## The break-even point

The break-even point can help you visualise the relationship between various costs over time. It identifies the moment where you have recovered your total cost and begin making a profit, and is often displayed as a dollar amount on a graph.

There are two types of costs: fixed and variable. Fixed costs are those that do not change with time or sales and profits, such as the cost of purchasing standard machinery. Variable costs change over time and depend on sales volumes, such as purchasing materials and labour costs.

The following example explains how to calculate your break-even-point, using a hypothetical income statement that looks like this:

Sales: $200,000

Cost of sold items: $60,000

Wages: $40,000

Fixed expenses: $80,000

Profit: $20,000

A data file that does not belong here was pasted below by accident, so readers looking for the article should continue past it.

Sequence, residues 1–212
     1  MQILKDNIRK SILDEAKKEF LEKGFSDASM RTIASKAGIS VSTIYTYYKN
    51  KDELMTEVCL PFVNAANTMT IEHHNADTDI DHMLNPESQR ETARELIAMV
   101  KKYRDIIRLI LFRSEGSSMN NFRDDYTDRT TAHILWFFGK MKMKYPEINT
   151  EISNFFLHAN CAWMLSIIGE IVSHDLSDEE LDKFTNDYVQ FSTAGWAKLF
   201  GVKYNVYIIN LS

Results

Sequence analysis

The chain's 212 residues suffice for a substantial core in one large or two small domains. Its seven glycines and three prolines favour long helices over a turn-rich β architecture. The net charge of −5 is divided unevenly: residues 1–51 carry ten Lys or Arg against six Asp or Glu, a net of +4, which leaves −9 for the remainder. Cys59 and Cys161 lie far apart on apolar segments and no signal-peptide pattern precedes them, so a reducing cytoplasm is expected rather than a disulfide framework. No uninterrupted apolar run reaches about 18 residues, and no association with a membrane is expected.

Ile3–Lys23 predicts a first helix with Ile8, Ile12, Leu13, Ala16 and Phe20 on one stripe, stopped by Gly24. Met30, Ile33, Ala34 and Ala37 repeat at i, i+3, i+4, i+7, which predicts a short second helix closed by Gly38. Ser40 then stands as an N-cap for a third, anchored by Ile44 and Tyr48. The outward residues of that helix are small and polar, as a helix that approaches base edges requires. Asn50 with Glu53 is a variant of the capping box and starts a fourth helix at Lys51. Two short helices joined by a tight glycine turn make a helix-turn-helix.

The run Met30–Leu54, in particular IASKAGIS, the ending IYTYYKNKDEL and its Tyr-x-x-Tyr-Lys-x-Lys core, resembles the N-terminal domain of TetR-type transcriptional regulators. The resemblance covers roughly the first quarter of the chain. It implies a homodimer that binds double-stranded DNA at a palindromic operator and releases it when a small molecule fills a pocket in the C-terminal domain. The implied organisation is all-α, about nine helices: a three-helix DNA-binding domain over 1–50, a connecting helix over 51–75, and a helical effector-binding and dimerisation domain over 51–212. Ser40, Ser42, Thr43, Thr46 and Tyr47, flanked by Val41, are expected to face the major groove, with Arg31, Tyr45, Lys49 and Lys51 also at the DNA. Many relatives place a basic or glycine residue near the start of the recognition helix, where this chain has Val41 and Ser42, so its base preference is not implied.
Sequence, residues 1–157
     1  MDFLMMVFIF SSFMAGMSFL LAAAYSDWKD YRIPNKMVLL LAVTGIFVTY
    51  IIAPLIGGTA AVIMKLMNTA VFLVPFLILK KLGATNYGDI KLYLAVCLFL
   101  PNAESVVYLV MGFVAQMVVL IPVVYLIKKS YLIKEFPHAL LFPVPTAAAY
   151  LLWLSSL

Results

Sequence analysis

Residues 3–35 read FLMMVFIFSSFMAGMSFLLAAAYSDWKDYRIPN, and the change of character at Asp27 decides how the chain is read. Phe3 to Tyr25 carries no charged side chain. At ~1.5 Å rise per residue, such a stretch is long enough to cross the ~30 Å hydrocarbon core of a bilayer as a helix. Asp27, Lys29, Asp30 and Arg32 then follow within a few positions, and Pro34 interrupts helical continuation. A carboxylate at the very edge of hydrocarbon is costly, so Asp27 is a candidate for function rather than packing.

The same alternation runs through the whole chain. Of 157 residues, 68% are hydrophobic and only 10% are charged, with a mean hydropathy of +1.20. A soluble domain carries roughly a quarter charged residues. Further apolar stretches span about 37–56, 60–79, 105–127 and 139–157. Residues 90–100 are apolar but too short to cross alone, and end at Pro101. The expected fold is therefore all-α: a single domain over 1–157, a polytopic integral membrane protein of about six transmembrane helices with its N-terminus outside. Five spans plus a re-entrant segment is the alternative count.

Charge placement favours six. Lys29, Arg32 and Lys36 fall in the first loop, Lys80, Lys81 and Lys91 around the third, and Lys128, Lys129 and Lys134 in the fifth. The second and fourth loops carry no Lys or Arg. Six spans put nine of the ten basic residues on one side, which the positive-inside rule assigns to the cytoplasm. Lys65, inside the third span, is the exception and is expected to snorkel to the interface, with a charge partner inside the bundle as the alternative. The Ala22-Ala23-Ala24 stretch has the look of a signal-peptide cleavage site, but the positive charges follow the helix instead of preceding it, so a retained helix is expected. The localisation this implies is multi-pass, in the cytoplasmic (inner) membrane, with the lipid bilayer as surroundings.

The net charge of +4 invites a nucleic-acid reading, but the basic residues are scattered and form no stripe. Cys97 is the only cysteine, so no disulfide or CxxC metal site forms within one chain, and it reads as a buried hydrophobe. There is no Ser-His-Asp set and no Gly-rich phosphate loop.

First, we’ll calculate the contribution margin, which is the percentage of sales available for use toward fixed cost and profit. In the above example, the variable costs are 50 per cent of sales so the contribution margin is 50 percent. The BE point is the fixed costs ($80,000) divided by the % of sales the variable costs represent (50%) which equals $160,000. Here, all fixed and variable costs are covered. To verify, multiply 50 percent by $160,000. The amount is the value of fixed costs or $80,000. The variable cost at this rate is $80,000 or 50% of $160,000.